You'll need some additional flour for the surface where you will work the dough. If you have a sourdough starter, you should add about a half-cup of the starter and a half-cup or more flour to the recipe. I always figure my Poolish addition as a 5 percent addition to the entire recipe.
I would measure warm water, add the yeast to that, then sift the flour and the salt together. After the yeast slurry looks foamy and creamy, mix it in several additions to your dry ingredients in a large mixing bowl or mixer with dough hook attached.
Allow it to stand 2 minutes before further mixing. Then knead on a floured surface using the gathering technique for a few minutes until soft and workable. If using a mixer, use a low speed and set a timer so that you won't mix over 4 minutes. 2-3 should be sufficient if you watch carefully and sift additional flour if the dough appears sticky. The dough is ready to ferment.
At work, I use a commercial proofing cabinet to accelerate the fermentation and have bread ready in time for dinner, but I prefer to allow this dough a full 24-hour primary fermentation in the refrigerator.
After kneading, spray-oil a fresh bowl and transfer the dough into it. Spray some plastic wrap with oil as well and cover the dough loosely with it. Cover the whole works with a towel and forget about it a while. When you come back tomorrow, your dough will look droopy and sad, but flour up a surface, and it'll come back to life.(Next day)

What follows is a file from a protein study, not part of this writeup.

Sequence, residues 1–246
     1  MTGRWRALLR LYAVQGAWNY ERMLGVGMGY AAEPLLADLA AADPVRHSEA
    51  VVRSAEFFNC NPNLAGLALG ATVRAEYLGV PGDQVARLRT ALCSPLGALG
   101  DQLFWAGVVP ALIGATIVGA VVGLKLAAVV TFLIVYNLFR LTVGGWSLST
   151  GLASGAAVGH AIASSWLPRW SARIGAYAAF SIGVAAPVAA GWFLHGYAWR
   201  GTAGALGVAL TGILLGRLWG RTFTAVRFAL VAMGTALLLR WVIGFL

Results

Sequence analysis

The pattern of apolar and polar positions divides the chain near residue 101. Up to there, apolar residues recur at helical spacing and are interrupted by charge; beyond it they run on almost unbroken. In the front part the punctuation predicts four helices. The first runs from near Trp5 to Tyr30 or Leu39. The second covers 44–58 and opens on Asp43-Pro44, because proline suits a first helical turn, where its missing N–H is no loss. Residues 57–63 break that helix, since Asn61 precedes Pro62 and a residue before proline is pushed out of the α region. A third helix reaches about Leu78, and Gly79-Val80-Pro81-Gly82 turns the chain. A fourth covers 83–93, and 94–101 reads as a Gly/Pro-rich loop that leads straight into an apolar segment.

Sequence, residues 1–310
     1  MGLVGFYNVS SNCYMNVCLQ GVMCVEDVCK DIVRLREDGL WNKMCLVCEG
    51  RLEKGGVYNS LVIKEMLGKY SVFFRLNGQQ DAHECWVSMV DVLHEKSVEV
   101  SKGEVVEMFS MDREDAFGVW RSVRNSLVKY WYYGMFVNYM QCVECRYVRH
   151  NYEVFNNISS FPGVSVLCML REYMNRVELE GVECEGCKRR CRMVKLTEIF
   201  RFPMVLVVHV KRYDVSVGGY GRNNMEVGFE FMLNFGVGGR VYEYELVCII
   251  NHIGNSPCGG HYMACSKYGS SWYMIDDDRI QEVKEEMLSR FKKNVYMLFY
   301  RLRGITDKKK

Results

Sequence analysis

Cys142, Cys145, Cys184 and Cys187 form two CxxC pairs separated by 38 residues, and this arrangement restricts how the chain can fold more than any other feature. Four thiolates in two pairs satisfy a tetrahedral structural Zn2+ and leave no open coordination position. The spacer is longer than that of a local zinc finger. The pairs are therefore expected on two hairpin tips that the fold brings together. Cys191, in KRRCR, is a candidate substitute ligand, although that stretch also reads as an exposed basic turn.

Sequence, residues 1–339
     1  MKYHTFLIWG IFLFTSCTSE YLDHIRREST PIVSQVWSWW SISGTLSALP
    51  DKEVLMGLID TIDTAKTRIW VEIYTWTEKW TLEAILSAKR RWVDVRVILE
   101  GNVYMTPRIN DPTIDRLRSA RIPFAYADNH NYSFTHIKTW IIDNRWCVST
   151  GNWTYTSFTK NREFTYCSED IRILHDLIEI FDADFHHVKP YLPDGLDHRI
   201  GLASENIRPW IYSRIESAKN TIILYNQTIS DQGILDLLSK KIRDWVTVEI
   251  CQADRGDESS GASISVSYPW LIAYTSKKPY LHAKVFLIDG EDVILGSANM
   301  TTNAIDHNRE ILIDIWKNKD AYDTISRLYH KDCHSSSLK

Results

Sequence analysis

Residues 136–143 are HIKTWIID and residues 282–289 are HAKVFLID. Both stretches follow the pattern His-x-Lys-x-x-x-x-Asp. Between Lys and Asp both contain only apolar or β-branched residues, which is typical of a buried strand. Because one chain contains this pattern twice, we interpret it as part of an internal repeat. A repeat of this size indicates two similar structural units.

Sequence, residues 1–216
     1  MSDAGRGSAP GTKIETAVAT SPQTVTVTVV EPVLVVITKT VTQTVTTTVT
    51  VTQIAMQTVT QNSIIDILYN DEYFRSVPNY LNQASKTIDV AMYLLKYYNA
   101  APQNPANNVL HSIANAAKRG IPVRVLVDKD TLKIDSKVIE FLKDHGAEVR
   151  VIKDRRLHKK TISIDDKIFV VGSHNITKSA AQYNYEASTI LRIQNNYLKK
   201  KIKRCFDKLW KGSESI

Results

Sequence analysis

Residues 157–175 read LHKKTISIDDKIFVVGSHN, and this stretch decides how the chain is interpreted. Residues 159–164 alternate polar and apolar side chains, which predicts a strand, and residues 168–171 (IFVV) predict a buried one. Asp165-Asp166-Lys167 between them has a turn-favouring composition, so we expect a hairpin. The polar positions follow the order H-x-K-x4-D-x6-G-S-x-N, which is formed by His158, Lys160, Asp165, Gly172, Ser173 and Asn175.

Simply uncover it, roll it from the bowl onto a floured surface and dust it with fresh flour. Give it a quick knead and a few folds. Then give it a rest for a few minutes. Now, you are ready to form your loaves, rolls or whatever from your dough. Make your shape(s) and allow them appropriate proofing time before baking.
Heat oven to 350. Rolls should cook in about 15 minutes, breads, 20-30 or larger loaves up to an hour. When your kitchen thermometer reads 195F in the center of the loaf, it's done.
Allow it to cool for at least 15 minutes while carry - over baking is finishing. Hot, steamy bread is best 20-30 minutes out of the oven. Smaller rolls can be enjoyed more quickly.
As a variation, I use this lean dough recipe as a basis for making Garlic Knots in the kitchen. I add a few cups of fresh roasted garlic cloves, some Italian seasoning and milk powder to the dry ingredients, then while it's mixing, I drizzle it with Olive Oil.
Adding the milk and oil turns this from a lean dough, to an enriched dough. After fermenting for an hour at 114F, roll it into sheets, cut it into strips and knot them, tucking the ends under the knots.
These proof for about half and hour, before they are baked at 350F. Brush them with minced-garlic infused drawn butter and sprinkle with grated Parmesan as they come out of the oven. Kids love 'em.
Top image "Mrs Gagnon making buckwheat pancakes" by John Collier 1942 Library of Congress/U.S. Farm Security Administration. Bottom image "Garlic Knots" by Erek Porembrski.